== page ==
After the confusing ending of the previous episode, Crossbones starts with a confusing beginning – a flashback, I assume, of Jagger waterboarding Blackbeard’s mystery woman, whose name appears to be Antoinette.
And a flash forward of Lowe running from the British, carrying something.
But I’m more in charity with Crossbones this week. It gets underway with a lovely conversation in which Lowe tries to convince Blackbeard to let the physician drill a hole in his head. Lowe wants to go to Jamaica, and Blackbeard needs that like he needs…another hole in his head.
Lowe’s theory (assumed mostly to get him to Jamaica) that Blackbeard has pressure on his brain is in perfect keeping with the medicine of the time. As a student of the era, I have my own theory. Blackbeard’s symptoms are those of a person with late-stage syphilis. The medicine of the time could drive off the symptoms, but the disease still lay in the victim’s body, slowly working on the nervous system. The patient eventually had holes in his brain, leading to some mighty peculiar symptoms.
It’s 1729 in Crossbones, which makes it 10 years since Blackbeard blockaded Charlestown in order to get the medicines used to treat syphilis. 10 years would be about right, don’t you think?
But that’s neither here nor there. This week, witty dialogue drives the show. Blackbeard confronts Selima. Rose the whore teases Nenna. Nenna confronts one more white man who underestimates her. And in a rousing great roar of passion, Lowe tells Kate how he feels about her.
They’re an eloquent bunch this week. The dialogue man must be sober.
We’ve got some lovely visual moments in this episode. Kate and her husband in bed. Blackbeard’s ship – the Petrel, with Lowe in her – heading alone to Jamaica. The sea, the sky. Blood spreading like a filmy cape through the water. This is a little more what I had hoped for in a show about pirates.
So what’s the conflict here? When Lowe tricks his way back to Jamaica and reports to Jagger, he needs to explain Blackbeard’s community of outlaws. Here the acting is prime. Richard Coyle shows how Lowe is feeling. The affection he has for Blackbeard and Blackbeard’s pirate island is evident in every line, every breath. And it’s also nice to see the show admit that there are a lot of contradictions in the pirate’s hidden island. Now it feels a little more like the vagrancies of human nature, and less like bad script writing.
Lowe’s character would even let us believe that he might actually sell out the pirates, which makes the following fistfight even more satisfying. Lowe’s stabbed again – he gets hurt a lot, though he never stays that way for more than one episode. But that’s just TV.
Crossbones is a show of believable personal issues, a welcome change from all the insanity. Kate has to deal with the fact that she’s being unfaithful to her husband, and their evasive, issue-filled pillow talk makes a fitting coda to their beautiful love scene.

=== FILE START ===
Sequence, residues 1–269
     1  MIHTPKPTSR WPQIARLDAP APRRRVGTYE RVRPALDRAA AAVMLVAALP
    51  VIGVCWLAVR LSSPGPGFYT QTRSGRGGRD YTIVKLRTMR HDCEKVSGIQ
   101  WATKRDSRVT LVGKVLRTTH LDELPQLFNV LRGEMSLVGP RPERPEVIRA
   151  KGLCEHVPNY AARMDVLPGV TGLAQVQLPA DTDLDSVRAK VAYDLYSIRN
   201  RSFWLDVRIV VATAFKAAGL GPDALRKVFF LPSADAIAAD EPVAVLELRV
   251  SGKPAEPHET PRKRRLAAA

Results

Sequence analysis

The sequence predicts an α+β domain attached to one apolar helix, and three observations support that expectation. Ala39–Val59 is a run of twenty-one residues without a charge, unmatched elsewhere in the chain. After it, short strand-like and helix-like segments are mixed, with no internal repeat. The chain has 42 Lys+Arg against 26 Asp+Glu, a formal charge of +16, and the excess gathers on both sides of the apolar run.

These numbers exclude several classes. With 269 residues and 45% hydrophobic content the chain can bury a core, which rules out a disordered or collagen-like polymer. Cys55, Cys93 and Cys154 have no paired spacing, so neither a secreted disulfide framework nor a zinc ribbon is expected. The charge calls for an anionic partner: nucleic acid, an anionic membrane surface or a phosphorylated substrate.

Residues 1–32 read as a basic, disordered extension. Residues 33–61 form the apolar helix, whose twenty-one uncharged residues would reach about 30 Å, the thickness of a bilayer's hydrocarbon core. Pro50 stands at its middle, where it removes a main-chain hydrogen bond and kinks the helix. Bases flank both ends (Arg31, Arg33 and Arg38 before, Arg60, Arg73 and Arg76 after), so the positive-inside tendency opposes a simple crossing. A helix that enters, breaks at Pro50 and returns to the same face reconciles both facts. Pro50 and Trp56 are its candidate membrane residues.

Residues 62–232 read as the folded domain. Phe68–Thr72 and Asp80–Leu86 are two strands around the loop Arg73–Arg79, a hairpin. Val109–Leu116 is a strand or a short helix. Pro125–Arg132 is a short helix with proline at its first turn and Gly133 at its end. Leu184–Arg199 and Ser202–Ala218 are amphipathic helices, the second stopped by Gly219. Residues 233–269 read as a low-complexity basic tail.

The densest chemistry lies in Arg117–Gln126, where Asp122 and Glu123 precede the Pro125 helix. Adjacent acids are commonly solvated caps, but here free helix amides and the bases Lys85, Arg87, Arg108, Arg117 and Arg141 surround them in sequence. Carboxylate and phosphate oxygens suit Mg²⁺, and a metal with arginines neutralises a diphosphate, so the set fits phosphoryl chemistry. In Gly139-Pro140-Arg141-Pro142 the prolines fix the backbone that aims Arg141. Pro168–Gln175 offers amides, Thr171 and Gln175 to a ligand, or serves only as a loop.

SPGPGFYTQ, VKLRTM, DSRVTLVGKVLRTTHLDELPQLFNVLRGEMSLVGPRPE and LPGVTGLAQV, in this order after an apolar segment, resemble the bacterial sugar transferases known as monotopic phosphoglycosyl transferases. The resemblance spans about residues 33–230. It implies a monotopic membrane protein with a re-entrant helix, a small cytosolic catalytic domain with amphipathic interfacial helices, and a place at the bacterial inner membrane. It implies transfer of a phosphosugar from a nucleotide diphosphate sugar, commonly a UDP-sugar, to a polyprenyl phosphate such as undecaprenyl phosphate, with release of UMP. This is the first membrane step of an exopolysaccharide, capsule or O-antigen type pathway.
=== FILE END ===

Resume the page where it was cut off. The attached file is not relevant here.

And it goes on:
Selima’s conflict seems a little more contrived. I’ve never quite believed in her fear of leaving Blackbeard’s home; it felt manufactured. So now it’s something for her to overcome, while others in the show are having similar struggles. Her trip outside also provides a chance for a meaningful glance with Charlie Rider.
I wish Charlie had a chance to do more. I like his looks, I like his name, I like his pirate attitude I’ll keep my hopes up, though. If the show can turn around this fast, anything can happen.
As usual, the star earns his keep. Blackbeard’s belief in his own mortality ups the ante in an unusual way. Thanks to Lowe and Fletch’s discovery of the cave full of gunpowder, we know that Blackbeard can destroy the whole town if he sees fit. And he’s still a madman, even as he makes preparations for a possible change of leadership.
Of course, it can’t be perfect. It’s Crossbones, so there’s got to be one solid plot-hole. And this week’s winner is…Nenna’s treasure, which gets stolen by Rose (in a deliciously teasing persuasion-and-pressure scene that gives us our required dose of interracial lesbian sex.) We see the bag carried in and handed over (kind of a light bag, but I can forgive). We see Nenna leave to do Blackbeard’s bidding, which involves sailing to Jamaica.
And then Nenna has the treasure again, and she has somehow found a real estate agent (that was quick) in Jamaica and is buying a plantation. I like the historical accuracy of the agent’s casual remark, “You’ll need a white man to run it for you.” We need to remember how things were back in the day, so we can remember to make sure they never get like that again.
But why does she then loses her temper over a perfectly reasonable offer to help her read the documents? After all, back in the day, even white men had only a 30% literacy rate. So it’s sloppy storytelling for this to inspire her (eloquent) attack and declaration of purpose.
It does work, though. I want to know what she’s going to do with the plantation.
We end, of course, with Malkovich. He’s harboring a hairy scholar in a cave, trying to persuade this fellow to make…something. The glass balls are old fishing-net floats, but I suppose a lot of people won’t recognize them. They do look a little menacing when Malkovich is swinging them around.
The closure comes with Blackbeard’s now-familiar visions. This time we get them courtesy of opium – the mystery woman, looking well, with a baby in her arms. Blackbeard spews up an ocean. And then he wakes to the sound of a baby crying.
Maybe he’s figured it out.
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